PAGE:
Social Stratification in Bangladesh has its deep roots in the past and is more deeply associated with religion and culture than with economy as it has been in the western societies. However, although the dynamics of religion largely shaped the contours of its development, the relevance of economic and political factors is vitally important, particularly for the more recent period. The Hindu society in Bengal was built along the caste lines although the widely known four-fold classification brahman, ksatriya, vaisya and sudra did not emerge in the classical manner. The two middle castes, Ksatriya and Vaisya, were not visible in the way they were in other parts of India. In Bengal the main caste division was between the Brahmans and the non-Brahmans. The latter category was the admixture of different sub-castes that emerged through unregulated interactions of different castes. The Brahmans occupied the highest position of the social ladder.'
Traditionally, the non-Brahman sub-castes were broadly divided into three hierarchical categories: superior admixture, medium admixture and inferior admixture. The first category included twenty sub-castes, including karan or kayastha (writer), ambastha or baidya (traditional physician), tanti (weavers), ugra (warrior) and others. The second category included twelve sub-castes like swarnakar (goldsmith), dhibor (fishermen) etc. And the last category included nine sub-castes like chandal (persons cremating corpses), chamar (cobblers) and others. Members of the last category were the untouchables.
Some British colonial administrators first pointed out that the Muslim social stratification in Bengal was patterned after the Hindu Caste System. It is mainly because, conversion to Islam in Bengal took place in the line of castes. The lower caste converts carried their former with them and their social status seldom improved after conversion. The alien Muslim ruling classes identified the low caste converts with their former social status. However, it remained a matter of debate how far the basic principles of caste system (purity/pollution, commensality, endogamy, or hereditary occupation) had influenced the Muslim social stratification pattern. What was a caste of a convert before became jat after conversion. Caste (barna) and jat carried the same meaning from social point of view. James Wise identified eighty such castes or social groups among the Muslims in the late nineteenth century, while Gait found only three. The latter noticed the clustering of social strata. The three broad clusters included Ashraf or higher class Muslims, Ajlaf or lower class Muslims, and Arzal or the degraded classes. The first cluster consisted of Sayed, Sheikh, Pathan and Mughal, while the next two incorporated as many as fifty occupational castes.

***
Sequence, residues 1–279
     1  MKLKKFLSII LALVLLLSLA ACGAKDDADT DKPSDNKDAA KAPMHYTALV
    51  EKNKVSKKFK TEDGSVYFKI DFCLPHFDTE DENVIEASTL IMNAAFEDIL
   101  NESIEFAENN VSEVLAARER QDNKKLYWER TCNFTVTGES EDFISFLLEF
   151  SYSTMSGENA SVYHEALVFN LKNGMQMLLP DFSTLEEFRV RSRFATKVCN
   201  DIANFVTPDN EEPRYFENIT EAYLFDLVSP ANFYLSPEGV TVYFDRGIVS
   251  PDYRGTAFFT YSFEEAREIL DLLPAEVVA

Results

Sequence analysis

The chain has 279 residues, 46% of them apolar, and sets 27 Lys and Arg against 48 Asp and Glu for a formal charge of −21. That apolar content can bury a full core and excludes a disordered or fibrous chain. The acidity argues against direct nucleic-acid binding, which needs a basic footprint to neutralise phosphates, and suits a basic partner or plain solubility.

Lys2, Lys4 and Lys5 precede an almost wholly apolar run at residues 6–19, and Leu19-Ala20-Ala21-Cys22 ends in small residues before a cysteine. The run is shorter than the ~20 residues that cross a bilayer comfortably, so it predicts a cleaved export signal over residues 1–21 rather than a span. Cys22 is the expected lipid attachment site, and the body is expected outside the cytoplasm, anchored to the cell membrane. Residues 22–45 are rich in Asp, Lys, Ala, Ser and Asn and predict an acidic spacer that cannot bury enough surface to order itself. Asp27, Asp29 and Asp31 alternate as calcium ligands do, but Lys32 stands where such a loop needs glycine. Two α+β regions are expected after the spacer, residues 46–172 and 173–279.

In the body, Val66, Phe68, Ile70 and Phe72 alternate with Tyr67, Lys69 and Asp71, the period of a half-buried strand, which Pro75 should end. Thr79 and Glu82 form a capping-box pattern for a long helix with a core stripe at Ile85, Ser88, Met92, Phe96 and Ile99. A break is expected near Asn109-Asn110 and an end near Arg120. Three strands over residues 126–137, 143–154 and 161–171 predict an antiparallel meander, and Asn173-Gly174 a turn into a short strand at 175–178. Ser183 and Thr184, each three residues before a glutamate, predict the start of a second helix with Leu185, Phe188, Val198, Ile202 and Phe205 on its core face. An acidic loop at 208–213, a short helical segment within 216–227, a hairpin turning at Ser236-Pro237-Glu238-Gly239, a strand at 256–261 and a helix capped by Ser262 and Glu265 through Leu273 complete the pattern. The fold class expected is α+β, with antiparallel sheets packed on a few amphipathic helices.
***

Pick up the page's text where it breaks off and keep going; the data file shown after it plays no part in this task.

It was noted that endogamy or intra-caste marriage was followed among Muslims. The presence of higher caste Muslims in Bengal was much less significant than what it was in the northern and south India. Social hierarchy among Muslims of Bengal was less pronounced. Some believed that the majority of the Bengal Muslims were the converts from the lower caste Hindus; hence steep hierarchy could not emerge among them. One important consequence of the less rigidity of Muslim stratification pattern was the opportunity for mobility among the castes. It was possible for a lower caste Muslim to move into the higher position. Such mobility was largely propelled by the accumulation of wealth.
The flexibility of Muslim social stratification derived its dynamics from a different ideological pattern known as sharafati. It alluded to the so-called noble background of a person. It was more to do with one's pedigree than any deep religious ideology like Hindu caste system. According to Hindu religious myth, the four castes originated from the four different parts of Brahman, the supreme lord. It was also imagined that the Brahman caste originated from the head, while the Sudra, the lowest caste from the feet. On the contrary, islam did not offer any such interpretation on the origin of caste, which does not exist in Islam theoretically. As a result, mobility in Muslim stratification could have been possible particularly owing to the fact that one could manouvre the history of pedigree.
Agrarian structure played the most important role from an earlier period in the making of social stratification what gradually assumed the present status. The bulk of the population lived in the countryside with a small urban counterpart. Those living in the countryside primarily derived subsistence from agriculture, and therefore, one cannot ignore the social relationship grown out of agrarian structure. zamindars or the revenue collectors were the most powerful class in the agrarian structure since the pre-colonial time in Bengal and the new colonial land policy of 1793 did not disturb the basic equilibrium. There was change of hands in land ownership but the class did not disappear. Below the class of zamindar there was a vast peasant cultivating class. Subsequent land policy in the colonial period, particularly the sub-infeudation (madhyasvatvas or pattanidari) created intermediate rent collecting interests resulting in the emergence of numerous agrarian layers, known as Jotedar, Gantidar, Howladar, or Talukdar, or Bhuiyan, etc. The cumulative effect of introducing different land tenures was the emergence of a highly stratified society based on land rights. Higher the land right and land control higher was the social status of the tenureholder.